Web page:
And of course with the Catholic Church very angry about the Affordable Care Act mandating that all employer healthcare plans cover birth control, except for those plans offered specially by churches to their direct employees, and with the various parts of the Church suing the federal government about that – the Republicans are now trolling for the Catholic vote. They’re dragging the baited lines through the water. But NBC’s Michael O’Brien suggests that there really is no such thing as the Catholic vote:

The religious assemblage – which has evolved over the past century from a strong Democratic constituency into a national election bellwether – is no longer discernible from most other voter groups. As the community has become less homogenous and more assimilated into mainstream culture, so have its voting habits – sending many politicians on a fool’s errand in pursuit of the “Catholic vote.”

And Andrew Sullivan puts his finger on the problem:

The hierarchy and the theocons have effectively put their collective weight behind the GOP…. For them, contraception, abortion and gays are “non-negotiable” and you risk eternal damnation if you vote for Obama. No other issues – such as the Ryan budget or the repeal of universal healthcare insurance – matter to the same extent. One wonders whether this Christianist campaign will do much more, though, than mobilize the hard right, who were already anti-Obama.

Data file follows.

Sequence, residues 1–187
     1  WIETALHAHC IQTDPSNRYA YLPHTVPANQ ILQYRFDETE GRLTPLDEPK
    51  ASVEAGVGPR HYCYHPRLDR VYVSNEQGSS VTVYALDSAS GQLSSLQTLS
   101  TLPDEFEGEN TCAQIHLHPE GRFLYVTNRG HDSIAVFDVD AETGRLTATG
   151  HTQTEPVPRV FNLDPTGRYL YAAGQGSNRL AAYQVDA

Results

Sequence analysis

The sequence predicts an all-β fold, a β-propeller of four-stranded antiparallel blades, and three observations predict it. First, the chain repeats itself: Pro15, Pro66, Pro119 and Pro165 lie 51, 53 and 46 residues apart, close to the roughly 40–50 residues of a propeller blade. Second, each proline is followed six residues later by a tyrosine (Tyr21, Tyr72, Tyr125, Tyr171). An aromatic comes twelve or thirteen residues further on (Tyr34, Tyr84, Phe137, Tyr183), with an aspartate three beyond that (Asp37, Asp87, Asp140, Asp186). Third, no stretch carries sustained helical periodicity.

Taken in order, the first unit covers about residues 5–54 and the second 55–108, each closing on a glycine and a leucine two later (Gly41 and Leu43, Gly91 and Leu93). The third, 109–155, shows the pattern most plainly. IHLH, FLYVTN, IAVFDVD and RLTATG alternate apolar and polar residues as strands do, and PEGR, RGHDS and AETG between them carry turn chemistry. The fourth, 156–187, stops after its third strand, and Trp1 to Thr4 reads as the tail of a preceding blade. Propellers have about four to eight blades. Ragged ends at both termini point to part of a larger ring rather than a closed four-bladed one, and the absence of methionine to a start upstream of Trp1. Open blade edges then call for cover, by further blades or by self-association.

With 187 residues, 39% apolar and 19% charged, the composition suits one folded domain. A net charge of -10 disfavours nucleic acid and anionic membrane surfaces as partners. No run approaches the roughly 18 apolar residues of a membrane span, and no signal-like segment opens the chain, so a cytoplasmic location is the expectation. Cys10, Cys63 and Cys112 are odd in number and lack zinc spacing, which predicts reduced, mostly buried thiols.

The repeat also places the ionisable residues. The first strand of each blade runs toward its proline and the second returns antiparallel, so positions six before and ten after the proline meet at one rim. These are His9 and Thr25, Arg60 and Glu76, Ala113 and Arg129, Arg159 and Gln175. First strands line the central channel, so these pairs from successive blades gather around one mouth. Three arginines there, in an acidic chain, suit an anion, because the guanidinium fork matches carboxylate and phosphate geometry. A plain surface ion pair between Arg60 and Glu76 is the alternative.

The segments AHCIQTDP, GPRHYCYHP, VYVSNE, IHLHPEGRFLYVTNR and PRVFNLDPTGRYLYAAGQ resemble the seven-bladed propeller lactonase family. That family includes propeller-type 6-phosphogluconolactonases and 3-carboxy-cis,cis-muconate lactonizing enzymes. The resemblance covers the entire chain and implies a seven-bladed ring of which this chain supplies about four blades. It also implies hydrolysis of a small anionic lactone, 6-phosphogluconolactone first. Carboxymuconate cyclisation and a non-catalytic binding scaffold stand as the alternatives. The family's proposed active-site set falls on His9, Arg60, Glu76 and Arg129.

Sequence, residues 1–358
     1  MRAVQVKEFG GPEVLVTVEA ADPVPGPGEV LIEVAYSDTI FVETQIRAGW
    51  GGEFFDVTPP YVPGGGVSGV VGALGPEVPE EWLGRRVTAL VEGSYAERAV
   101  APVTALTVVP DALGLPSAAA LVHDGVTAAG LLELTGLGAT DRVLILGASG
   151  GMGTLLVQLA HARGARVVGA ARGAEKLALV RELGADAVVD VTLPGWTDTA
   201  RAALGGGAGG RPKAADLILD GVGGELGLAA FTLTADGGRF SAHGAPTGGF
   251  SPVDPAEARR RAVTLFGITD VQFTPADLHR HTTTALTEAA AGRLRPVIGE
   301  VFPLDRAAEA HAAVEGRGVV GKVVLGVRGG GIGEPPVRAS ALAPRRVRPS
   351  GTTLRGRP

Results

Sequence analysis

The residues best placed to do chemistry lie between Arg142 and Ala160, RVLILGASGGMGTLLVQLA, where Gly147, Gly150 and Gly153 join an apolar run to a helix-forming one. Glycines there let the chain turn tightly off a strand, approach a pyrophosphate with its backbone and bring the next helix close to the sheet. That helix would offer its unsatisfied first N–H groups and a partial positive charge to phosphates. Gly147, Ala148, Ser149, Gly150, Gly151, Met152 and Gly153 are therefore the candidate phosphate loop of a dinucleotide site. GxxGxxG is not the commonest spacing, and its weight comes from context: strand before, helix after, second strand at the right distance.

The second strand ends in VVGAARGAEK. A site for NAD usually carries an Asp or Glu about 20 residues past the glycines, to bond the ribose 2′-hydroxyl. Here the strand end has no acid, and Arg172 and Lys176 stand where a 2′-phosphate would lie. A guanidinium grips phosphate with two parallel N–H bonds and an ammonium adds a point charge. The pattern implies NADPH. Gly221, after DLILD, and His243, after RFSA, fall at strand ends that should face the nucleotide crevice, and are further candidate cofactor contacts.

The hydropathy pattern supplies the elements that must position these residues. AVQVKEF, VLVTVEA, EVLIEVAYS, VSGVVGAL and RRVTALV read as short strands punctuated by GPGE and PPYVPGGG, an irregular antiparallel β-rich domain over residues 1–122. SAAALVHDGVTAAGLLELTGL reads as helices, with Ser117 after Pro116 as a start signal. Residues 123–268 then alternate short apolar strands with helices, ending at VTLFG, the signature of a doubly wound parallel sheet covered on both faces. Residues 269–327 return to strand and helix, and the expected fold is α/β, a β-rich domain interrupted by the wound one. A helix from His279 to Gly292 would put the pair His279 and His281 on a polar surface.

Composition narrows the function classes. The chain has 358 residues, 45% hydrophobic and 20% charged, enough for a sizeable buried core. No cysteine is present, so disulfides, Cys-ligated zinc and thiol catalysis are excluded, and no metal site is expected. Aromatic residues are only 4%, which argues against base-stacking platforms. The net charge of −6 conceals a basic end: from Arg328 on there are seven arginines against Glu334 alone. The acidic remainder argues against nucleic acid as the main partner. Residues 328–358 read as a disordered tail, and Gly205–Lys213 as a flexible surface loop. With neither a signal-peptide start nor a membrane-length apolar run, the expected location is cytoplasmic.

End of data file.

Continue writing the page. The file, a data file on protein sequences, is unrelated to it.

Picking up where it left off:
The waters are barren. There are no new fish there, although Ross Douthat says there might be a few:

The Catholic vote does look a lot like the American vote in microcosm, encompassing liberals and conservatives, the lukewarm and the devout, the partisan and the uncommitted and everything in between. But as National Review’s Ramesh Ponnuru points out, there is evidence that Catholic swing voters are slightly more up for grabs than the average independent. Ponnuru notes that George W. Bush “improved his share of Catholic voters between 2000 and 2004 more than he did his overall share; and the Republican share of the Catholic vote fell a bit more between 2004 and 2008 than did the Republican share of the overall vote.”

So a few voters are slightly more up for grabs here – and that might make a slight difference, maybe. But there’s no big catch here.